Taylor Armstrong is bravely speaking her truth. The Real Housewives of Beverly Hills alum shockingly revealed that despite Camille Grammer being the one to out the abuse she suffered at the hands of her late ex-husband Russell Armstrong on the Bravo series, it was actually Wendy Williams who first knew something was up.
While sitting down with David Yontef during the Monday, July 11 episode of the "Behind The Velvet Rope" podcast, Taylor opened up about the daytime diva noticing the darkness in her life.
"An interesting backstory was I did Wendy Williams promoting the show with Adrianne [Maloof] and Wendy Williams, kind of in the middle of the interview, she said, 'He abuses you, doesn't he?'" she revealed. "It was another one of those like, 'What? I'm on national television.' I don't even know what I said back to her, but she could see the dynamic in our relationship even in season one."
"That started coming out a lot on Twitter and in the tabloids and stuff, like it's obvious these two have a messed up relationship," the Real Housewives Ultimate Girls Trip star said of the abuse speculation. "But she was the first person to say it publicly. And as you said, of course I denied it because that's what people do."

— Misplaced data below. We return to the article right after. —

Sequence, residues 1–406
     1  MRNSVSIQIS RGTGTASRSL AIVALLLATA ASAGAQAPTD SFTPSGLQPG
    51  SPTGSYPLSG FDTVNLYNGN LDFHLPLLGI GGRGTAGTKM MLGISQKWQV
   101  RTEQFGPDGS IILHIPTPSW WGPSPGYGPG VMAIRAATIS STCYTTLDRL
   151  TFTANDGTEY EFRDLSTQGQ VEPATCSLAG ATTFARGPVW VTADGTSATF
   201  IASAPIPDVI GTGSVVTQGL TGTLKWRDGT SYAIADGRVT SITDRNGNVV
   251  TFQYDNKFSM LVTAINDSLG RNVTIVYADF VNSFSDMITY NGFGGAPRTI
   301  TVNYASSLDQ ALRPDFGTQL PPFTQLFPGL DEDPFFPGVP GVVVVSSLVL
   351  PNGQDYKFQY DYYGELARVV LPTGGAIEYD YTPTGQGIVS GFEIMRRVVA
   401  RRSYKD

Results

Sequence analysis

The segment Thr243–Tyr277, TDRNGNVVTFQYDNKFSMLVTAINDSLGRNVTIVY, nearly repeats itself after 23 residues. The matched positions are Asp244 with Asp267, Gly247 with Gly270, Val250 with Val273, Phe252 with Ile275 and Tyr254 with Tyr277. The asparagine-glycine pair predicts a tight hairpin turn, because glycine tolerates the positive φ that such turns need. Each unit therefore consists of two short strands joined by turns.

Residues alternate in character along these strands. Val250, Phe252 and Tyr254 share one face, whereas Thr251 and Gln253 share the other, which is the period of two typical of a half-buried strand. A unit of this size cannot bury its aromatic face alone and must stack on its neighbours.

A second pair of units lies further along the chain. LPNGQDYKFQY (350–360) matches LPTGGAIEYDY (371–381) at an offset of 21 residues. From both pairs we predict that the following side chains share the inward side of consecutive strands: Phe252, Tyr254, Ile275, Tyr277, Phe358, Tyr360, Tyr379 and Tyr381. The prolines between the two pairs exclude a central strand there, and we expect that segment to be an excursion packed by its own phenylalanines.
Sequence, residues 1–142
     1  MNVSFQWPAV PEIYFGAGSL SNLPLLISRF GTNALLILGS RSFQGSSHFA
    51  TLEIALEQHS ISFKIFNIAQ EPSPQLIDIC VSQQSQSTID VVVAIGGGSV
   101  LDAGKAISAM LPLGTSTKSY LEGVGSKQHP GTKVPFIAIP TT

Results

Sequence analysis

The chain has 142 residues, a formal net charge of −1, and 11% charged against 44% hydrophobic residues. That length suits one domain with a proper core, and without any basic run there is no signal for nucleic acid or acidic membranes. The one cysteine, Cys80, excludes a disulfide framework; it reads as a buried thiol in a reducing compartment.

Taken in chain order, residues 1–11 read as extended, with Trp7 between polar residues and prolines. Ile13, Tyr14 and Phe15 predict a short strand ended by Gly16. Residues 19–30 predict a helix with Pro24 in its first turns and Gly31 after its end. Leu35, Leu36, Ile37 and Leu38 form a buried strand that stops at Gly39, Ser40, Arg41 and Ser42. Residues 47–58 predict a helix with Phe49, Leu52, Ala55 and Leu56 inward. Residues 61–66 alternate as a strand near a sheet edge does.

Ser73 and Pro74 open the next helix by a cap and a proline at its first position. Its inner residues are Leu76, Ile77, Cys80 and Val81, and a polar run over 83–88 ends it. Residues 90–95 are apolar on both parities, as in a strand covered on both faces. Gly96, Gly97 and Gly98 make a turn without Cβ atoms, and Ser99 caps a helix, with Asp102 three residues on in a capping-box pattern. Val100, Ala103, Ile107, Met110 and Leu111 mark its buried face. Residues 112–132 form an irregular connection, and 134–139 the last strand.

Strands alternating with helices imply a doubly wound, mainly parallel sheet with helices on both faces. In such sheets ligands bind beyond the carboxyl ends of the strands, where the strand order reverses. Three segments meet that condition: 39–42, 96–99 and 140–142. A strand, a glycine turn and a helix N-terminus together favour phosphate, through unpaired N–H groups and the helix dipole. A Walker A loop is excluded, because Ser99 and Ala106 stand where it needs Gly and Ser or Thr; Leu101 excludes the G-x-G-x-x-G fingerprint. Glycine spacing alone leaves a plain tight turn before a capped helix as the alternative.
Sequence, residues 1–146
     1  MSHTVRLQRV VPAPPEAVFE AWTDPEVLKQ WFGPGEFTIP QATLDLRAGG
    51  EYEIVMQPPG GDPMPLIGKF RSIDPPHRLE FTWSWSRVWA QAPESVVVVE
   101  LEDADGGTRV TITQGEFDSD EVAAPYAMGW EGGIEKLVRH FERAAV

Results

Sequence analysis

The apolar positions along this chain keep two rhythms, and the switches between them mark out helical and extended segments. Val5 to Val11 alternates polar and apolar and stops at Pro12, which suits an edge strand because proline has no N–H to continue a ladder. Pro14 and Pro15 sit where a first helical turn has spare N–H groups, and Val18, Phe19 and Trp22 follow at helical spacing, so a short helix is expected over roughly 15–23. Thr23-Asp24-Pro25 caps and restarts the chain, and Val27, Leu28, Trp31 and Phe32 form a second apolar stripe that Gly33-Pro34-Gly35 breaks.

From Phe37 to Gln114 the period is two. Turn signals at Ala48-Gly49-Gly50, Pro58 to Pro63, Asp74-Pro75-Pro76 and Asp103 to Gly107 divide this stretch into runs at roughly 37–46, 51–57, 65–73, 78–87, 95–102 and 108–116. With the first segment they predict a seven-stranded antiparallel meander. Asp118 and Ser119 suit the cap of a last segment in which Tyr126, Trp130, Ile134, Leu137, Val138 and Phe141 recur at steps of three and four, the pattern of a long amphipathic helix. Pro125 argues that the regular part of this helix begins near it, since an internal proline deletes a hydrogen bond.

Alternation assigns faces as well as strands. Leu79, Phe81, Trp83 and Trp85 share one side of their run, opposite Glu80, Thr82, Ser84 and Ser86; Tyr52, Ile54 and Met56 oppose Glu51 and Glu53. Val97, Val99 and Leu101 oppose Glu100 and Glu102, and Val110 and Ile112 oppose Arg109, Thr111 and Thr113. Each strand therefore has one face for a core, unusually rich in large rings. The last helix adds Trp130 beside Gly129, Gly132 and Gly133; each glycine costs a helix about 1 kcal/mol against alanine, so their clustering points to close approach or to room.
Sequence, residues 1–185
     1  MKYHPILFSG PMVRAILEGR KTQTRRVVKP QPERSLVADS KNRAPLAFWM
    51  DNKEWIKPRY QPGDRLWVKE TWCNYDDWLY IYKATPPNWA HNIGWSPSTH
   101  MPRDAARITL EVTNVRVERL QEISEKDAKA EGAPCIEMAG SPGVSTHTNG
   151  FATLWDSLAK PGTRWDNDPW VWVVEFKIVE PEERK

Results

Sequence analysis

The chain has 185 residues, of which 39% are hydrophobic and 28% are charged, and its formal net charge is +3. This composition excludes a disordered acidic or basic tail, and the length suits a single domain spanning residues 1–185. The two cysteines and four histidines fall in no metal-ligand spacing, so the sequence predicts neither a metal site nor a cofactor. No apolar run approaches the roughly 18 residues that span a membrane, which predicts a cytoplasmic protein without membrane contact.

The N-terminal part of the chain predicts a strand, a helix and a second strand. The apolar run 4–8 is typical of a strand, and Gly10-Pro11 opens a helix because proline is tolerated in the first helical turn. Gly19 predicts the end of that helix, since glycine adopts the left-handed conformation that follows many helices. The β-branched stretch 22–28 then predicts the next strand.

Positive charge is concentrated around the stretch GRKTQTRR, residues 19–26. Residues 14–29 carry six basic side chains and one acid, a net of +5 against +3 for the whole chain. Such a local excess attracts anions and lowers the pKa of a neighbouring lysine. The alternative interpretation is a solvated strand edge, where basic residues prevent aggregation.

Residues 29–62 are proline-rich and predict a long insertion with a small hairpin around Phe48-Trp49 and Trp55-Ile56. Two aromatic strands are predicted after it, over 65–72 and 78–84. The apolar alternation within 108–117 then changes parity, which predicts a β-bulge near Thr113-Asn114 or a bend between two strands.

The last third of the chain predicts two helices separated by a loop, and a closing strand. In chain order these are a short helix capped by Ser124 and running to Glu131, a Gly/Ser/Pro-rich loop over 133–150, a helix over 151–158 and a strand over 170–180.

Russell and Taylor, who shared daughter Kennedy, divorced in July 2011. The businessman committed suicide in August of that year.
When asked about the on camera moment in which her cast member Grammer revealed that Taylor was being abused, the mother-of-one admitted that she thought she was going to be killed by her former husband.
"I definitely thought in that moment, when Camille [publicized] the abuse, that he would potentially kill me," she explained. "Oh, a hundred percent. He was a really tough guy. He had been in a lot of street fights growing up."
"Sadly I saw a lot of red flags in the beginning and it was mainly jealousy and control, and a sad truth about jealousy and control is sometimes, for people who are insecure like I was, it feels a little bit like protection," she continued of her former marriage. "I grew up without a father. So it's like a little bit of a knight in shining armor feeling like, 'Oh, he doesn't want me to talking to other men because he likes me so much.'"